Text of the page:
Overcoming these barriers and enhancing participation therefore requires a multipronged approach. In addition to improving recruitment methods, reforming education and training, and encouraging more socially inclusive attitudes in the world of work, it is vital that we increase employment flexibility and mobility. Greater labour market flexibility will encourage more inclusive labour force participation, while high mobility between jobs, sectors and countries will lead to fewer unfilled vacancies and better matches between workers and jobs. On the other hand, research strongly indicates that the countries that have fared best throughout the financial crisis are those that balance flexibility in response to shocks and structural change with work security measures. For growth to be inclusive and sustainable, therefore, labour market reform must strike the right balance between increased employment flexibility and increased income security–the “flexicurity” concept.
Bridging the employment gaps of the future will require both structural reform and social investment. Educational and training provisions–including lifelong learning programs– are needed to address skills mismatches and to counter the looming shortage of highly skilled workers. In addition, we need to take a fresh look at labour market policies, including wage subsidies, employment protection regulation, unemployment benefit schemes and pension schemes– especially where they concern currently underemployed groups. Particular attention should be paid to the special role that modern labour relationships, such as temporary agency work, part-time work and self-employment, can play in stimulating job creation, increasing workforce participation, easing work-life balance and facilitating job-to-job mobility.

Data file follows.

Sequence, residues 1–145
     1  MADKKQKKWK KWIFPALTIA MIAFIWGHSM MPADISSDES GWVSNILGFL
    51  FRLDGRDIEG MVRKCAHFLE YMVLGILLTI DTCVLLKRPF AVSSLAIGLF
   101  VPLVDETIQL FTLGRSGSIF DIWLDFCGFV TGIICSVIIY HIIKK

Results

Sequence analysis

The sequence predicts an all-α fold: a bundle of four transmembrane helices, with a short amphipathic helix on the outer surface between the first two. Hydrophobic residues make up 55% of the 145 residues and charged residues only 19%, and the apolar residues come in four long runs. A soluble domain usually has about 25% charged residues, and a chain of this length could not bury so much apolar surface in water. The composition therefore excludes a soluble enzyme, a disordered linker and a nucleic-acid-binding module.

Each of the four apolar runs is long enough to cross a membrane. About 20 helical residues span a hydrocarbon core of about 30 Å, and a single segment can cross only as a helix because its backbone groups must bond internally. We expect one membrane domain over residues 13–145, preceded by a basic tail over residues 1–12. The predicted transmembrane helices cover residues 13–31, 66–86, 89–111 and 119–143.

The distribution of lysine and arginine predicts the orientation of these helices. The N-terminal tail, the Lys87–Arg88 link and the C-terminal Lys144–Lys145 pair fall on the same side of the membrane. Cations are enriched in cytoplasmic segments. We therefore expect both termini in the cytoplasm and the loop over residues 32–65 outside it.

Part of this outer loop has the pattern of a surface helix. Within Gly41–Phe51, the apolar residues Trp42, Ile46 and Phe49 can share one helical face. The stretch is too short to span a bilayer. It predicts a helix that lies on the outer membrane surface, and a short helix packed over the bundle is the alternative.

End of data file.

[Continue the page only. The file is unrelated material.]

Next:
As a leading international staffing company, Randstad will have an important role to play in enabling this enhanced workforce participation and decreasing skills mismatches. Temporary agency work gives employers the flexibility to adapt quickly to changing market conditions–indeed, as the Ciett report Adapting to change revealed, companies that use agency work have tended to accelerate faster out of the economic crisis. It also gives workers the flexibility they need to balance work and family life, and can be an important stepping stone to greater workforce participation for chronically underemployed or inactive members of the labour market. Furthermore, by investing in training and improving the flow of employment information, Randstad can act as a transition manager, easing the education-towork, unemployment-to-work and job-to-job transitions that increase workforce participation and reduce skills mismatches. And as labour market experts, we already actively contribute to national programmes on inclusion issues such as active ageing, gender equality and integration of disabled workers.
Meeting the employment challenges of the future will undoubtedly be a difficult task, but in line with our mission of “shaping the world of work”, Randstad is poised to be a valuable partner in the journey towards a more inclusive, flexible and well-functioning labour market.
References and recommended sources
OECD work on employment
OECD Forum 2013 Issues
More OECD Observer articles on labour
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By Ben Noteboom CEO Randstad Holding nv
©OECD Yearbook 2013